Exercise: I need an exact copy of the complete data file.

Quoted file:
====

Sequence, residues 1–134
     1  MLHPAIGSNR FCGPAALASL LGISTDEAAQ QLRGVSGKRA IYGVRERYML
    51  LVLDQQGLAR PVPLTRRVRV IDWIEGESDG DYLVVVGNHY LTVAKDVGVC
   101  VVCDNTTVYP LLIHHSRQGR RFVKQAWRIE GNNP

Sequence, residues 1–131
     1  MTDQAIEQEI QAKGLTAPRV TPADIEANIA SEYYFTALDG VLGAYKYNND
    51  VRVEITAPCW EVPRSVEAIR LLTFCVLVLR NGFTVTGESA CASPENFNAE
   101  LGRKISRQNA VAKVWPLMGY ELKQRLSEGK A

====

Sequence, residues 1–134
     1  MLHPAIGSNR FCGPAALASL LGISTDEAAQ QLRGVSGKRA IYGVRERYML
    51  LVLDQQGLAR PVPLTRRVRV IDWIEGESDG DYLVVVGNHY LTVAKDVGVC
   101  VVCDNTTVYP LLIHHSRQGR RFVKQAWRIE GNNP

Sequence, residues 1–131
     1  MTDQAIEQEI QAKGLTAPRV TPADIEANIA SEYYFTALDG VLGAYKYNND
    51  VRVEITAPCW EVPRSVEAIR LLTFCVLVLR NGFTVTGESA CASPENFNAE
   101  LGRKISRQNA VAKVWPLMGY ELKQRLSEGK A